Yep, I had one follow up for you. And when it talked about law firms adopting AI, and I want to I wanted to ask you if you’re seeing something that I’m seeing, and that is because there is this interest in AI it’s causing people to actually come forward and ask questions and kind of look at different ways of performing the tasks that they’re doing. And it could result in that it’s has nothing to do with AI to improve the process at all. It could be looking at the data and putting it into an old fashioned spreadsheet. So I’m wondering, Nicole, are you seeing people coming to you asking questions off the basis of, you know, how do I get the AI to improve my process? And then you give them the adviser says, Look, that’s not an AI problem. That’s, that’s an X problem. Right? Are you seeing that as well?

Nicole Clark 35:41
It’s so funny that you mentioned that because yes, and we’re having internal conversations about it about customers saying we want x and then we we and you know, we want AI to do X. And then we huddle up. And we’re like, well, it’s not AI. Like it might be but it still might solve what they’re looking for. But it is it you know, that goes to the the excitement that maybe AI can solve everything. And then we’re starting to recognize that there’s so many things that AI is not the right solution for but then we can still come up with technology solutions that are going to make everyone’s lives better and easier. And so I like that. It’s that it’s causing the catalyst for people to question how things should be done. But not everything is solved by AI. Amen. Yeah.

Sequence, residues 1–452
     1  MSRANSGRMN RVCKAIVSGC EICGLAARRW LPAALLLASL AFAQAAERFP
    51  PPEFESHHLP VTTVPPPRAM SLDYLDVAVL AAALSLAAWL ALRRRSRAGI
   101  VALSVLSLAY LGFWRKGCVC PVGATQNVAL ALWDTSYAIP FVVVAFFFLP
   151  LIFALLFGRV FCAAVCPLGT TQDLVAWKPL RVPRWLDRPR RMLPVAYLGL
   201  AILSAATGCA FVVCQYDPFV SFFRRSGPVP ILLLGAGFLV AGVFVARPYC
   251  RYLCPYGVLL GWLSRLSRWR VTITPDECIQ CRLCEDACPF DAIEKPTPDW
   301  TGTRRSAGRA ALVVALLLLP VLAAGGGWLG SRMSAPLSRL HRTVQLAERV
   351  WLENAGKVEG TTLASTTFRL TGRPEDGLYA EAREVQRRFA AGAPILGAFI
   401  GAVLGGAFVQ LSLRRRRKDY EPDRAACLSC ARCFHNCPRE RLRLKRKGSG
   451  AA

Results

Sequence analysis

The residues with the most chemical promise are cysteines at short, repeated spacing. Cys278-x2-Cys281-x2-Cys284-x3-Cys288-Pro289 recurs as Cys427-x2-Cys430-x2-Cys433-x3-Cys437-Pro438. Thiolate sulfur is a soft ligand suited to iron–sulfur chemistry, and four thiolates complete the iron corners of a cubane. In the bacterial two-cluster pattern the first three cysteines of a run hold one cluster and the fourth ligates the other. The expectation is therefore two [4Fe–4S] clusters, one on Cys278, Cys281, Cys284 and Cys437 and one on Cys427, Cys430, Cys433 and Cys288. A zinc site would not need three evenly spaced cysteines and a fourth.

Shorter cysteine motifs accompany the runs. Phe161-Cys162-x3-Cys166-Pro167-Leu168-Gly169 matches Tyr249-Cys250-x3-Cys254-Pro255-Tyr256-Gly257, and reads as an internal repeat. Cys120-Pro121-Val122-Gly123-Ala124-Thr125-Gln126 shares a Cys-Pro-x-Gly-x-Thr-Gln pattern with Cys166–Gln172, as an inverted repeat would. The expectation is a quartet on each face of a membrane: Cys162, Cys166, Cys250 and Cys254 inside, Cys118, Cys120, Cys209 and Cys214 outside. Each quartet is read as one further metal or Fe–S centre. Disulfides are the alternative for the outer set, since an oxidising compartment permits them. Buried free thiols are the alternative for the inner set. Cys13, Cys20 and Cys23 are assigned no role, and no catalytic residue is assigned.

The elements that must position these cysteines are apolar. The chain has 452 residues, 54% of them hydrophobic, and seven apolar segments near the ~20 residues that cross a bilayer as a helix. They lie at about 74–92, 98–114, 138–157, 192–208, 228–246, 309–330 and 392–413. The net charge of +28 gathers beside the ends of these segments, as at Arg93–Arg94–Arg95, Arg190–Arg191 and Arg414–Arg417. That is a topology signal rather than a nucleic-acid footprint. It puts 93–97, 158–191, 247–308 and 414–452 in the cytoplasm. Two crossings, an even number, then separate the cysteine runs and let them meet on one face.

Marlene Gebauer 36:27
I mean, they may not know that the appropriate tool, but like it’s got them excited enough to start thinking about how do we explore new ways of doing things?

Nicole Clark 36:36
That’s exactly right, which is just a boon for the industry and trying to figure out new better ways instead of it’s the way we’ve always done it.

Marlene Gebauer 36:44
Exactly. Well, I look forward to see if these predictions come true. Cole Clark, CEO and co founder of Trellis thank you for joining us today, and letting us know more about what you’re doing with trellis and the law firm intelligence feature.

Nicole Clark 36:58
Such a pleasure, guys,

Marlene Gebauer 36:59
Thanks for being here. And of course, thanks to all of you, our listeners for taking the time to listen to The Geek in Review podcast. If you enjoy the show, share it with a colleague. We’d love to hear from you. So reach out to us on social media. I can be found at @gebauerm on Twitter, and also on LinkedIn.